Three simple words, "America Made Me," elicit unique feelings and emotions in each of us. They may summon images of products: a Thunderbird convertible, a bottle of Coca Cola, or the classic little red wagon. Others may think of their immigrant grandfather or the hometown boy who became famous. The invention of the internet or the latest mobile device may come to mind, but the common thread is an acknowledgement of America's desire to make and create.
"America Made Me" examines how the creative worlds of art, fashion and design draw strength and inspiration from one another, and how their union illustrates the relevance of American craft and heritage.
The exhibition, which debuted at Wanted Design in New York, presented a firsthand look at the creation of authentic blue jeans, from bolts of selvage denim to the designers' personal signatures on each pair.
American "jeansmiths," Sarah and Victor Lytvinenko of Raleigh Denim, used vintage sewing machines, hand work, and traditional construction methods to create the perfect pair of blue jeans.
Artist Jephson Robb's 84 inch hand carved sculptures of solid walnut and bronze integrated art into the installation. Aptly titled "Clothes Horse," the six unique pieces embraced and enhanced the blue jeans, while remaining at their essence, striking works of art.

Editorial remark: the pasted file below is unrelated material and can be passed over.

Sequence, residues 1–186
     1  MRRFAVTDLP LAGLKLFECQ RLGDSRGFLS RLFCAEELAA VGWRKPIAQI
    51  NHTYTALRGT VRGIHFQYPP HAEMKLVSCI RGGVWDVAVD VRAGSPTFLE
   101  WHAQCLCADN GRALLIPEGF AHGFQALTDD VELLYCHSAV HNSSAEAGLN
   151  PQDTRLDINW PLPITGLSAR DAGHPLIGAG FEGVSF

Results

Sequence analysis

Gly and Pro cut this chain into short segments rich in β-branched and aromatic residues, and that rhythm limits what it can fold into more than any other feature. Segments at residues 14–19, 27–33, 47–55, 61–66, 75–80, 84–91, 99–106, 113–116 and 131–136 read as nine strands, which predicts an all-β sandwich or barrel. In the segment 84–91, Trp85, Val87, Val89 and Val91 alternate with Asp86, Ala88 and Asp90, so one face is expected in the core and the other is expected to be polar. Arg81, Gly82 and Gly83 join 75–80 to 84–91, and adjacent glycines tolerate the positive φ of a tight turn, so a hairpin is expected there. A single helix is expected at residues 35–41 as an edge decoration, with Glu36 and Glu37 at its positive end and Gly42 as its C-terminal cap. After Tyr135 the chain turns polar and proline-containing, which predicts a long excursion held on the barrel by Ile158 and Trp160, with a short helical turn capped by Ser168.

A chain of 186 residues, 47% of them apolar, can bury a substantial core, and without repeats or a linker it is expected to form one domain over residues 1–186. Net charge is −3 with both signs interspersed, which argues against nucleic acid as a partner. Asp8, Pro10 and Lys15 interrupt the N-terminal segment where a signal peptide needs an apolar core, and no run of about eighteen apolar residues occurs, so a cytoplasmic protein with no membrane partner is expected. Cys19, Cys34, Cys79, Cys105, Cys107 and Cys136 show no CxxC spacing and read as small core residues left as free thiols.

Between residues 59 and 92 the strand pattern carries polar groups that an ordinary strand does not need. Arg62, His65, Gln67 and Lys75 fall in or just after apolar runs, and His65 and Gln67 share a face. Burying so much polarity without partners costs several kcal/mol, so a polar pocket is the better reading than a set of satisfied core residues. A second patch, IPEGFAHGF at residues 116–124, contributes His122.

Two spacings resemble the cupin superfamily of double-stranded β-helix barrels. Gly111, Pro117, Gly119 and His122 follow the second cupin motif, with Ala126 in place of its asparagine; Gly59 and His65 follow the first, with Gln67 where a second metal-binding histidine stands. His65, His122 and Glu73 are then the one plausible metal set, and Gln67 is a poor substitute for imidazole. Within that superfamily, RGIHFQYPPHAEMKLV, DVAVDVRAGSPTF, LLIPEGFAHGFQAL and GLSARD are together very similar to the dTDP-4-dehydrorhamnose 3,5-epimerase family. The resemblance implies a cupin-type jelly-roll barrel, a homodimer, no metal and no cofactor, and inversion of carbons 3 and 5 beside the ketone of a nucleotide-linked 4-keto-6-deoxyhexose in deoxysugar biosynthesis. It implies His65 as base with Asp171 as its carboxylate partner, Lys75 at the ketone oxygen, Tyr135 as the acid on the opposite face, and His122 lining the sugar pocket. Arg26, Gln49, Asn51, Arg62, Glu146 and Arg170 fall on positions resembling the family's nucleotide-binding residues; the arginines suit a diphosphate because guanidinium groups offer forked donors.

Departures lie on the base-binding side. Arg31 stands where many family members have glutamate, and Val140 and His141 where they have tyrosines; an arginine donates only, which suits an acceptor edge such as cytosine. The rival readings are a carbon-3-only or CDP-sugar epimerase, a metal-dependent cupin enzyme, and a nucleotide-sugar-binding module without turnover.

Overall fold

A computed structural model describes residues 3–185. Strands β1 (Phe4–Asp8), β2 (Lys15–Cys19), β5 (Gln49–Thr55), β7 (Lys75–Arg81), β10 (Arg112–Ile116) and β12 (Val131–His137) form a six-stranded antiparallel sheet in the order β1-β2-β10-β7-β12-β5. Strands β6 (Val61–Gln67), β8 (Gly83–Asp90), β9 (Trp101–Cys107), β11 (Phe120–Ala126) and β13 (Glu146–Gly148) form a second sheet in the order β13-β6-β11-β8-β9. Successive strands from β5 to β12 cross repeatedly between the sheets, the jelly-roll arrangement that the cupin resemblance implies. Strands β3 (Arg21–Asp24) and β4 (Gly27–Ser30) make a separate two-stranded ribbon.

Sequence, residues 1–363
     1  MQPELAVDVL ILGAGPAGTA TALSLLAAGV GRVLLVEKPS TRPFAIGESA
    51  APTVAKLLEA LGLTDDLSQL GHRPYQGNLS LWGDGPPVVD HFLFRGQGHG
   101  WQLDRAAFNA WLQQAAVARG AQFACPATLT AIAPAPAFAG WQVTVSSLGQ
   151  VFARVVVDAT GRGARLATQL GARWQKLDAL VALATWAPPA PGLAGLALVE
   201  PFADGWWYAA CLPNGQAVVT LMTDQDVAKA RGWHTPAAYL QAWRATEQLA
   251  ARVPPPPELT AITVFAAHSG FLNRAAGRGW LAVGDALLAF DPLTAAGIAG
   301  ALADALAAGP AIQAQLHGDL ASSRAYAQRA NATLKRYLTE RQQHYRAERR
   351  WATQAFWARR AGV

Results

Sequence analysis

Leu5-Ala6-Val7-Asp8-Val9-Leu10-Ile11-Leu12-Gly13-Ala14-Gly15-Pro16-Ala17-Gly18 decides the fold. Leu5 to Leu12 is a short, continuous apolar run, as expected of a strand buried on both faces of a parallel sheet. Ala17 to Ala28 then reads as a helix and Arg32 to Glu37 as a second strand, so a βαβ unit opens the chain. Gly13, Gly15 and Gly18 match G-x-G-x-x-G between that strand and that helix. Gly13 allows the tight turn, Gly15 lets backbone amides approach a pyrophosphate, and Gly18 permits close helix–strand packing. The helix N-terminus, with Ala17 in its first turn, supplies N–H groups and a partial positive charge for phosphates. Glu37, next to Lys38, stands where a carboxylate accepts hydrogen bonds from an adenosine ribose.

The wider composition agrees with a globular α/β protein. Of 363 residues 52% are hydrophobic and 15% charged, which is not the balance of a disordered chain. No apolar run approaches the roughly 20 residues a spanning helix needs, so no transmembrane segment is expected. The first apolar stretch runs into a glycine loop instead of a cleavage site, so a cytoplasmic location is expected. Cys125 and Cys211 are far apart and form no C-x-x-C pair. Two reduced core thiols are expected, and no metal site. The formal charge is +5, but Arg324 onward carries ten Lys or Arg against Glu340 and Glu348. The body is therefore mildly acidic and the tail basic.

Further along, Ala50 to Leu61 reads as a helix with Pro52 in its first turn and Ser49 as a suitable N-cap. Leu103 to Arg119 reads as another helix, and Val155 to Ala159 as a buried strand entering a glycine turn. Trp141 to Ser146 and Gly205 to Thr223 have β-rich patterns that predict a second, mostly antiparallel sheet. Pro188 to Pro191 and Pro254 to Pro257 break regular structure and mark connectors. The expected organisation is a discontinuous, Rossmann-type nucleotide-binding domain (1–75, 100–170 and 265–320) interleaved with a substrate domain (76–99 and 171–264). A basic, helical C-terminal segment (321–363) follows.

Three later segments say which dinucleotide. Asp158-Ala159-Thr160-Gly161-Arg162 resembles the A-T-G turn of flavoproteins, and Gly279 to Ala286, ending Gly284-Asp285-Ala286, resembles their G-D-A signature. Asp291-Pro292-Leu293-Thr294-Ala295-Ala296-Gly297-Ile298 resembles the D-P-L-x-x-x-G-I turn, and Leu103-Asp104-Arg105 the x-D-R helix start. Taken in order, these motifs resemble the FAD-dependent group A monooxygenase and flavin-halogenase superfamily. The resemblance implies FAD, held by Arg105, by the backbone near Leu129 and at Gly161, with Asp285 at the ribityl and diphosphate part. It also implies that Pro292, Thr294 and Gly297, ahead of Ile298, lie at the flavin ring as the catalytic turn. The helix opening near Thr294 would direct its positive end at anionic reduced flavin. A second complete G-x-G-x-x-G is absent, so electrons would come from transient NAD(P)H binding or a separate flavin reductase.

Design was represented in the exhibition by Powerbar. The design concept for Powerbar revealed how one creative field can inspire new ideas in another. Based on fundamental elements of vintage fabric-cutting tables, Raleigh Denim created a meeting and dining table tailor made for the iPad generation.
Even though the words "America Made Me" have a very different meaning to a North Carolina fashion house and a Scottish artist, they merge into one common belief: The American heritage of creating and making both products and people is alive, ever-adapting and ready to make its mark in a new century.
wanted design exhibition
vintage sewing machines